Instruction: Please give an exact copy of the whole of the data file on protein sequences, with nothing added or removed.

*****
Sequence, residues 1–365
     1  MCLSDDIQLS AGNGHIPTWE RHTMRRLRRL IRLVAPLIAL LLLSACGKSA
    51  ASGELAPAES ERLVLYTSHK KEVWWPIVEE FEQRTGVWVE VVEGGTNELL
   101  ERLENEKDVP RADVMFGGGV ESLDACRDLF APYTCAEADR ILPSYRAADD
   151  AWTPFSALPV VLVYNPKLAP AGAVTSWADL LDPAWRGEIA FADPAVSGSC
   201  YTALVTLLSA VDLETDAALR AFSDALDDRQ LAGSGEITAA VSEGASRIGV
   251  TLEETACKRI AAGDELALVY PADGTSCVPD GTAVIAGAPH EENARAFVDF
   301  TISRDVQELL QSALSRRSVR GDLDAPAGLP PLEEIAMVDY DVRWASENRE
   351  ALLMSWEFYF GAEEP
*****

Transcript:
Sequence, residues 1–365
     1  MCLSDDIQLS AGNGHIPTWE RHTMRRLRRL IRLVAPLIAL LLLSACGKSA
    51  ASGELAPAES ERLVLYTSHK KEVWWPIVEE FEQRTGVWVE VVEGGTNELL
   101  ERLENEKDVP RADVMFGGGV ESLDACRDLF APYTCAEADR ILPSYRAADD
   151  AWTPFSALPV VLVYNPKLAP AGAVTSWADL LDPAWRGEIA FADPAVSGSC
   201  YTALVTLLSA VDLETDAALR AFSDALDDRQ LAGSGEITAA VSEGASRIGV
   251  TLEETACKRI AAGDELALVY PADGTSCVPD GTAVIAGAPH EENARAFVDF
   301  TISRDVQELL QSALSRRSVR GDLDAPAGLP PLEEIAMVDY DVRWASENRE
   351  ALLMSWEFYF GAEEP